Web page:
The United Methodist Church membership keeps shrinking in the United States, but some areas contradict the trend. The surprise this year was Indiana. At the Indiana Annual Conference gathering this summer in Muncie, conference members learned that membership was 200,620, up 3,271 from the past year. Average worship attendance was 117,750, up 1,013. This was the first time United Methodism in Indiana has shown growth in both those categories in more than 30 years.
The Rev. Mark Gough, director of church development for the Indiana Conference, answered questions from managing editor Sam Hodges about the turnaround.
What’s your short explanation for why the Indiana Conference grew this year?
As we developed the structure of the new conference (the former North and South Indiana Conferences became the new Indiana Conference in 2009), we purposely developed a structure that supported the mission: “To make disciples of Jesus Christ for the transformation of the world.” The bishop, directors, superintendents, all conference leaders and pastors began to talk about how what we are doing supports the mission. This raised the issues of membership, professions of faith, worship attendance and membership as key indicators of how we are doing.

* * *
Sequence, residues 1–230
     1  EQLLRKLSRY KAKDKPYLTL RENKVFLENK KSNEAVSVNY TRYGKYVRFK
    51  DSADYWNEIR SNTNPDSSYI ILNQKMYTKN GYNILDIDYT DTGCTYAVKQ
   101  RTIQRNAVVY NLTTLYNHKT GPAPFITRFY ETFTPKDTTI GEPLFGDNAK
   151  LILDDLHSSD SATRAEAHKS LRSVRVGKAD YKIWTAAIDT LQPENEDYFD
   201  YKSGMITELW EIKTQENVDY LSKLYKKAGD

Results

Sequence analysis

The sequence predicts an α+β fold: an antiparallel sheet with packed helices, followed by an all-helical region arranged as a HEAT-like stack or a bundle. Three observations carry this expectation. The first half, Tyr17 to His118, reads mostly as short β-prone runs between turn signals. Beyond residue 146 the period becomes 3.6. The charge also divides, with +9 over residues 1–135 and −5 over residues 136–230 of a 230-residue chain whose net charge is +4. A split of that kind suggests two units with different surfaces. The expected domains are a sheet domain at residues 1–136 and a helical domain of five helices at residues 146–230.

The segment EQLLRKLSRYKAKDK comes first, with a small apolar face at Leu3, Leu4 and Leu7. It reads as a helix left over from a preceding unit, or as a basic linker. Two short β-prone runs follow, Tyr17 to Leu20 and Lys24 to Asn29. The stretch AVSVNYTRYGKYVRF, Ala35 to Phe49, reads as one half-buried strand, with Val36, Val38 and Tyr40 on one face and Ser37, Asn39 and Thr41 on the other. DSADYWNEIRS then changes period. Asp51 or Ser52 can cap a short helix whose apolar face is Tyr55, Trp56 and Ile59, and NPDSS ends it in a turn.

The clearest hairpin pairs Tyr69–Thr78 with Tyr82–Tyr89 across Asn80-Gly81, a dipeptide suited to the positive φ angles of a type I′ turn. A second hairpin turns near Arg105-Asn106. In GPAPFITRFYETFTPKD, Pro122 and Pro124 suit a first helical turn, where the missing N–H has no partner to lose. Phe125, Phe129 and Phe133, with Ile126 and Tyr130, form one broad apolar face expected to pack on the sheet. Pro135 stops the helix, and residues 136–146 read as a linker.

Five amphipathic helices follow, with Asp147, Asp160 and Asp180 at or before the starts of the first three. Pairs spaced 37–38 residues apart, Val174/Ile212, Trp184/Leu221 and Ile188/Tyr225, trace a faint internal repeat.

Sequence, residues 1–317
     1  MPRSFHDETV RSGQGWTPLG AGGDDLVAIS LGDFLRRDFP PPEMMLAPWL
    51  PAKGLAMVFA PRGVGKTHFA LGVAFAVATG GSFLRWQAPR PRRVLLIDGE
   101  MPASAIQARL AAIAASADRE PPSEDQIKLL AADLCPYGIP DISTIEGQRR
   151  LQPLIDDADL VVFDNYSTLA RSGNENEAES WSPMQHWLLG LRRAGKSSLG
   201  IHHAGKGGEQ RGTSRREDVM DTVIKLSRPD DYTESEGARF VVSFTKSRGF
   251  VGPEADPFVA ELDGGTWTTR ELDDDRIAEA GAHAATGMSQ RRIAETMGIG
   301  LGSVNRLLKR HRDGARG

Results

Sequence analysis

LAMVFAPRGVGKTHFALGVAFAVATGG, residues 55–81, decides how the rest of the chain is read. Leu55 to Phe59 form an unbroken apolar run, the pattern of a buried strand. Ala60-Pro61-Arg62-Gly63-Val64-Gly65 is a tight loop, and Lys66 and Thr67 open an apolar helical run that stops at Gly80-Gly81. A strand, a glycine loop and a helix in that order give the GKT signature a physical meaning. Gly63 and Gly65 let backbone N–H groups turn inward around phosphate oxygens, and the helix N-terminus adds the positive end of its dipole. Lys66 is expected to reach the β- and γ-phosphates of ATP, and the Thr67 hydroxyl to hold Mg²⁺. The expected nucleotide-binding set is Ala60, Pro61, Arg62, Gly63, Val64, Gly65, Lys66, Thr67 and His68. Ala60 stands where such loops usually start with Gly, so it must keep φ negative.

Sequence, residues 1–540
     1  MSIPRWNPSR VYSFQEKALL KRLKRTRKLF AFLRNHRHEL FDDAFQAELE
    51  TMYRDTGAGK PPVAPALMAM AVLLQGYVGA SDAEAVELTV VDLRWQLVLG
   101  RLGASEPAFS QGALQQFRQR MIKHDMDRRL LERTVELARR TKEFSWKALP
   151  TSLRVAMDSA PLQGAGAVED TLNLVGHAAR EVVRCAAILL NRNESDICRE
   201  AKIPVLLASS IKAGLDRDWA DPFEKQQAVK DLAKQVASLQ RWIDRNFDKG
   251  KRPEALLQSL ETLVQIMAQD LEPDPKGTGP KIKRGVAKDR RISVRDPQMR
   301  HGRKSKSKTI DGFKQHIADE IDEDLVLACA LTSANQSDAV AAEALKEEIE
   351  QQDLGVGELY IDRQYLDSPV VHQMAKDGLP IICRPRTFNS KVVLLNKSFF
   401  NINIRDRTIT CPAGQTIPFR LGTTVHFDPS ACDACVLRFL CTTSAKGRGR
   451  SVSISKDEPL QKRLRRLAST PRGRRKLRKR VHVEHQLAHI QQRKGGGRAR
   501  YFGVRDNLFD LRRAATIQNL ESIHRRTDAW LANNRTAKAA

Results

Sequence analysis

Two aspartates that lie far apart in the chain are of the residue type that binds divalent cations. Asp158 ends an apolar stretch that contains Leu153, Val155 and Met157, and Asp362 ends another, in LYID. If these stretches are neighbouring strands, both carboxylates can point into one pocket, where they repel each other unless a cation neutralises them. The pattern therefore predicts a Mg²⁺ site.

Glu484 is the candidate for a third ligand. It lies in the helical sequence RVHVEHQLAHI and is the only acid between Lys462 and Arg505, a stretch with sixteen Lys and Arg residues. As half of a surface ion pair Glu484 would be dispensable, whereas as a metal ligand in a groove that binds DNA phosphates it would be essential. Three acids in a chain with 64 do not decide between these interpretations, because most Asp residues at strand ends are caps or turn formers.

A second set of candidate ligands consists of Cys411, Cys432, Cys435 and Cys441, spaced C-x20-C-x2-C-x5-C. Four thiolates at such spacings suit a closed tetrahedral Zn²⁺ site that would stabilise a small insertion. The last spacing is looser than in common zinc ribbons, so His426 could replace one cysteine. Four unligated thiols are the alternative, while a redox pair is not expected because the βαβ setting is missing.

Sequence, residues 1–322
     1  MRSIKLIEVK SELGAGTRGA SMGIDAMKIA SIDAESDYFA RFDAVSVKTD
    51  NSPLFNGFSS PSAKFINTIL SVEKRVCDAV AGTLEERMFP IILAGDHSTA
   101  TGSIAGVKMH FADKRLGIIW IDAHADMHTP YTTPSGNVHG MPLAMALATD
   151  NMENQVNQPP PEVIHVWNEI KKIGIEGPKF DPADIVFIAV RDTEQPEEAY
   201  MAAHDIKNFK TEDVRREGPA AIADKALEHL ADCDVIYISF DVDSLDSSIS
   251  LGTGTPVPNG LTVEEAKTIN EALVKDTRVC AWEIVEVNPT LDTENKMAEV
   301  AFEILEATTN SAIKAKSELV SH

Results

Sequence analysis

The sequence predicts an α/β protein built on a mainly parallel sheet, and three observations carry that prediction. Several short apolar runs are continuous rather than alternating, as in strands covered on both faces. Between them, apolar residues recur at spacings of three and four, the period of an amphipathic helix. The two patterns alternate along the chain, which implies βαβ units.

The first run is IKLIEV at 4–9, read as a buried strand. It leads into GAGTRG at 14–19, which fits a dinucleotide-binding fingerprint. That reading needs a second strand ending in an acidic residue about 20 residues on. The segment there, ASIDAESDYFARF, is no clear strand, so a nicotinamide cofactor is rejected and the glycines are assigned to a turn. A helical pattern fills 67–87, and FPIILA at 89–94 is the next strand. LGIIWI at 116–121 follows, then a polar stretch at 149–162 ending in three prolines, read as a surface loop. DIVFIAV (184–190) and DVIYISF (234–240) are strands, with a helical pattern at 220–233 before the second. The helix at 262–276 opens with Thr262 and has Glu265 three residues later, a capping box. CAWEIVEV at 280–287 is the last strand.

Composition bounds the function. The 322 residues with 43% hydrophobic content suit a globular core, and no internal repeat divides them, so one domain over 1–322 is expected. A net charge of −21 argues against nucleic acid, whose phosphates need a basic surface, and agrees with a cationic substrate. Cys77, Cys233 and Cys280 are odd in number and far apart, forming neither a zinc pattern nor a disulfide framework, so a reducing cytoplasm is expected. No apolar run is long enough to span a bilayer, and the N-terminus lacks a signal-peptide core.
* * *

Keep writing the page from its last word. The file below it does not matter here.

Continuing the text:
You have an unusual approach to using conference staff for church or congregational development. Talk about that.
We believed it was important to put feet on the ground. Our six-member church development team is busy supporting and teaching best practices all the way around including, starting new worship services, new congregations, visioning, multi-site ministry and church revitalization. This team is proactive about supporting the mission. We also have been clear to state that the MISSION of each local church is: “To make disciples of Jesus Christ for the transformation of the world.”
How do the members of that team advise a church without getting too bossy or intrusive?
We are bossy and intrusive, but with a smile. We also try to present the facts about how effective or ineffective they are in making disciples. Time is short, and we need to stay focused on making disciples. Our first question to leaders of a local church at a platitude or in decline is: “How is what you have been doing working for you?” You can’t expect to do the same things and get different results.